Day two of Carla's state visit. And even when she was somewhere else, Mme Bruni-Sarkozy was the centre of attention.
At the so-called Emirates summit, Nicolas Sarkozy spoke of how "proud" he was of his wife Carla and said he had been "deeply moved" by her warm reception during their visit to Britain. In contrast, he rounded on the French media for its treatment of the Italian-born model and singer.
An emotional French President was not impressed when the man from Le Figaro quizzed him about the "very flattering positive comments" in the British media about Carla Bruni-Sarkozy and was asked if it wasn't "a bit too much". "I think it was well deserved," he told a joint press conference with Gordon Brown. "I am very happy to see that justice was done to her." He said the question implied that the man asking it had "a very infelicitous experience" of what being married meant.
Complaining about "wretched" coverage in France since his whirlwind romance with his third wife, he said: "Everyone has seen that she is a woman with convictions, sensitivity and humanity and it's her convictions, this sensitivity, this humanity, which make up Carla's elegance."
Although the press conference then ended, M. Sarkozy wasn't finished. He called over Bruno Jeudy, Le Figaro's correspondent, and spent five minutes talking to him amid a scrum of reporters. The President was calm but told Jeudy, "It's not so easy to have all those cameras on you when you're getting out of a car", adding that he had been "stressed out". He denied speculation that he and his wife had retired to bed after Wednesday night's state banquet at Windsor Castle rather than attend a reception hosted by the Queen.
His hosts remained polite but were left rather bemused by M. Sarkozy's unexpected press conference outburst. One British politician asked: "What do you expect if you marry a supermodel?"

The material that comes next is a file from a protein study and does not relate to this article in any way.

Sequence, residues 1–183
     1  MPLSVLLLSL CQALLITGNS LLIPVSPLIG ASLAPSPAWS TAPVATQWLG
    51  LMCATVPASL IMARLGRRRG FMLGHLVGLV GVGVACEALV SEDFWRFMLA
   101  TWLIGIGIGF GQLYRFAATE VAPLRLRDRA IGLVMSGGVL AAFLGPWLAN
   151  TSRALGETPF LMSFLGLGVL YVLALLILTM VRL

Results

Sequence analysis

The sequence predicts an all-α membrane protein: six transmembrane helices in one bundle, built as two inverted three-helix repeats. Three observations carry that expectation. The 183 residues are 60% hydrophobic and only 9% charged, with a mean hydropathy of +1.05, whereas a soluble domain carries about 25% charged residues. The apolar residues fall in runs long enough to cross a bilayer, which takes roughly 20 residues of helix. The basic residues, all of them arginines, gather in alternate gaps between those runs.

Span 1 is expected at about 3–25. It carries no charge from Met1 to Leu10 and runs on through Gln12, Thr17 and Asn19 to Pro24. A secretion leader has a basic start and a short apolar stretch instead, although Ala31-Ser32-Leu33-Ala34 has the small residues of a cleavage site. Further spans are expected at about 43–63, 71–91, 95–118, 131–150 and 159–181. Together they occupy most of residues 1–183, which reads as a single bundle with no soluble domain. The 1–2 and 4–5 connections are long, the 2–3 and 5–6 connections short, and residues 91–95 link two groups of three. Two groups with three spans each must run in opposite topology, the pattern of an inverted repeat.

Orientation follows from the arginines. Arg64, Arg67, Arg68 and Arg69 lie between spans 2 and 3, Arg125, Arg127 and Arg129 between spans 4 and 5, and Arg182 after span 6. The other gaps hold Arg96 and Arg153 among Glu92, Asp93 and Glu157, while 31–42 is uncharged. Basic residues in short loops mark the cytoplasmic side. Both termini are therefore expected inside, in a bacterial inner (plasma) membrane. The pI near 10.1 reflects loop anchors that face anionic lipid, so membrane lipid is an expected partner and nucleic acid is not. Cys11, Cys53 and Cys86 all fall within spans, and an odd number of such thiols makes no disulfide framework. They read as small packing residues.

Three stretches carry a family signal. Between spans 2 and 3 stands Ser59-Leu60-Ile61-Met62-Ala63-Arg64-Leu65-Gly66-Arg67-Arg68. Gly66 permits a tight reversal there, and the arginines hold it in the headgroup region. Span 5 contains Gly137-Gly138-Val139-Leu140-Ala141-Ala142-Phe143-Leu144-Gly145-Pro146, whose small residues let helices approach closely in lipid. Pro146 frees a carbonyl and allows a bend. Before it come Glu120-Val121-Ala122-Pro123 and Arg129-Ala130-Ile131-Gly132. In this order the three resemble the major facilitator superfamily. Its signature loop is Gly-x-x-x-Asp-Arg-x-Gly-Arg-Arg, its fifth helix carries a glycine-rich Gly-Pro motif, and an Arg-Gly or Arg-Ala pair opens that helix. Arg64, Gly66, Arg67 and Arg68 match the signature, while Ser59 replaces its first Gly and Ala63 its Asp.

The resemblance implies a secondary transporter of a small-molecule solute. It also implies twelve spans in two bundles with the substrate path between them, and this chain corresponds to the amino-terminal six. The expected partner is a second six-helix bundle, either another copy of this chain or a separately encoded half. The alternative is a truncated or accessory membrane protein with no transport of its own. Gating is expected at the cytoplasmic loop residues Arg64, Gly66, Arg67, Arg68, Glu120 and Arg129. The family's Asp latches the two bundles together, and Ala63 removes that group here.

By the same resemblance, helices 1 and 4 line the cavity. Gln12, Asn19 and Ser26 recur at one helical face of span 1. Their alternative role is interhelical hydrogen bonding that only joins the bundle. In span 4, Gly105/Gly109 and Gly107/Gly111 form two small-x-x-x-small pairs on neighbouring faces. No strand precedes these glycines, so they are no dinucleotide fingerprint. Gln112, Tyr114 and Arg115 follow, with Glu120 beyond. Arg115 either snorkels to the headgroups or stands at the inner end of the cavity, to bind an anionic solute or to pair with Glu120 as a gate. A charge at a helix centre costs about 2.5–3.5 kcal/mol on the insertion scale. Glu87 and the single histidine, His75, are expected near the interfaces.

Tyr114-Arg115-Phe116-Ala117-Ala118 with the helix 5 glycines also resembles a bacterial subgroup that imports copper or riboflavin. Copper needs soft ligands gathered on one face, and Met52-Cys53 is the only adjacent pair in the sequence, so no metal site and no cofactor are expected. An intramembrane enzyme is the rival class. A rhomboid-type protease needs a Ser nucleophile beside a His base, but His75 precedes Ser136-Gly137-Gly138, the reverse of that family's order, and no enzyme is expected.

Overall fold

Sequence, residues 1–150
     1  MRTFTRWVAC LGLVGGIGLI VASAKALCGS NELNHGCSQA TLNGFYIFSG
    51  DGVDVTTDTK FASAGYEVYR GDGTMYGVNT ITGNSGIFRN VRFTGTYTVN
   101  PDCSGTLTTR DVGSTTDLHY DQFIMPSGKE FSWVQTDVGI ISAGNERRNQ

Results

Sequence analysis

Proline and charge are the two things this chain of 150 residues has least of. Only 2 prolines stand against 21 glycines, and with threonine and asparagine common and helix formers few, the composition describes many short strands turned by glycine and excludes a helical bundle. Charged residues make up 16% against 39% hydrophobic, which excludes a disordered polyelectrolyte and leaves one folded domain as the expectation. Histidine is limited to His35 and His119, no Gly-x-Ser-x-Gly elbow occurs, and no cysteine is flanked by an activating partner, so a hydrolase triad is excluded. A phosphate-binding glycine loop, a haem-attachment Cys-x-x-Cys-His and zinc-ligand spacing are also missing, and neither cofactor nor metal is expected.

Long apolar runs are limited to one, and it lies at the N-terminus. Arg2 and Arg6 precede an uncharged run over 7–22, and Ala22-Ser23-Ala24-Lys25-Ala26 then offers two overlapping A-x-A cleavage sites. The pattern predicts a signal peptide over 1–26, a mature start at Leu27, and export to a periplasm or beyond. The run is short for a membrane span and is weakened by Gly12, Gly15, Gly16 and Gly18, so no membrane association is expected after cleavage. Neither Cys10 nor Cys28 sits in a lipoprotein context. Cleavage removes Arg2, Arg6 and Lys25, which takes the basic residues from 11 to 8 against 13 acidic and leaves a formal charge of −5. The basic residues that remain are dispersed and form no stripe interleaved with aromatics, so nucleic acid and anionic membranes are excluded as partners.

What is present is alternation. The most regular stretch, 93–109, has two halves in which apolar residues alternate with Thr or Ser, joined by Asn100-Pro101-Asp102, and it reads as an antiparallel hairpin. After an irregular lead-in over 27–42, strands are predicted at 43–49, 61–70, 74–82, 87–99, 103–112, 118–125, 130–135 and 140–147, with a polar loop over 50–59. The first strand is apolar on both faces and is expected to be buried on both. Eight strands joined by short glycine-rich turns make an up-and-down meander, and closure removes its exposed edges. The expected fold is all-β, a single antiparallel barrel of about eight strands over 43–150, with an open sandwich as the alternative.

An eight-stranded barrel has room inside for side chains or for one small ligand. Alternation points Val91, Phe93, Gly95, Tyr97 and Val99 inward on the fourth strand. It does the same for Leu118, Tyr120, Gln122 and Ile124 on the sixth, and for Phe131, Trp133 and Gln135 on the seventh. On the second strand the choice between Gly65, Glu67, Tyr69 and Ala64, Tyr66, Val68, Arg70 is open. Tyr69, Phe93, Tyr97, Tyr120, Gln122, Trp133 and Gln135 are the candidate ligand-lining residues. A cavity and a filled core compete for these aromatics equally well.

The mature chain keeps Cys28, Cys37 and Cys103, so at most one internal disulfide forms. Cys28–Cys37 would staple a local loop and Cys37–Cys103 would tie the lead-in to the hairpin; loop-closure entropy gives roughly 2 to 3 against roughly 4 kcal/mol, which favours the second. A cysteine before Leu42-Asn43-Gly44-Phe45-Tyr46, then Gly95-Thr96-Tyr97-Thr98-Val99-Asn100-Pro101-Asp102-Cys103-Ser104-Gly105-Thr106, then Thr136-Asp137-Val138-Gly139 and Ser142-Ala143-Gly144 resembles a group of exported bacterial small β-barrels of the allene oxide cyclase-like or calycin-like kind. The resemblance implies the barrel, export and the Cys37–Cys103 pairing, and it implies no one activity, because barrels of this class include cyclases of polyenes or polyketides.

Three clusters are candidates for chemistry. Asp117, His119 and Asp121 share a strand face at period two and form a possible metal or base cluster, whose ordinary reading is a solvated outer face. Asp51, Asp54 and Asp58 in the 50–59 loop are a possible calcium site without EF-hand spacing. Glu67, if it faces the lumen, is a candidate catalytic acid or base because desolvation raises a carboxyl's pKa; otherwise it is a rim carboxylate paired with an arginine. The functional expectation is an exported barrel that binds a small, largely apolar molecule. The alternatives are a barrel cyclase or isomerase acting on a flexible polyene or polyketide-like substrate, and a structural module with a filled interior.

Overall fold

M. Sarkozy, 53, separated from his second wife Cécilia last October following an 11-year marriage, five months after winning power. Last month, he married the 40-year-old Mme Bruni-Sarkozy. As M. Sarkozy gave his press conference, his wife joined forces with Sarah Brown, the Prime Minister's wife, to call for women to unite behind a campaign to ensure that male-dominated world leaders tackle the problem of women dying needlessly in childbirth.
They both addressed a lunch of 150 high-profile women at London's Lancaster House in support of the White Ribbon Alliance charity, which campaigns on maternal mortality. Ms Brown, a patron of the group, urged the guests to fight "the shameful silence" on the issue to ensure that a UN conference in September does not abandon a goal set in 2000 to cut maternal mortality by 75 per cent by 2015.
Speaking in good English, Mme Bruni-Sarkozy said: "One of the great tragedies of our time takes place in the shadows, particularly in developing countries when the most intense and wonderful moment of their lives – labour – might result in tragedy."
The guests included the singer Annie Lennox, the writers Lady Antonia Fraser, Kathy Lette and Arabella Weir, the cook Tana Ramsay, the designers Kelly Hoppen and Amanda Wakeley, the actress Diana Quick, the businesswoman Karren Brady, the MEP Glenys Kinnock, the presenters Davina McCall and Claudia Winkleman, and Shami Chakrabarti, director of the civil rights group Liberty. They dined on roast fillet of Cornish sea bass, salsa verde dressing, lemon fondant potatoes and seasonal vegetables and then apple cheesecake with cinnamon ice-cream.
Like M. Sarkozy, Ms Brown also joined the Carla fan club. Congratulating her on her marriage, she said: "I think we can expect great things of Nicolas, with you at his side."Reuse content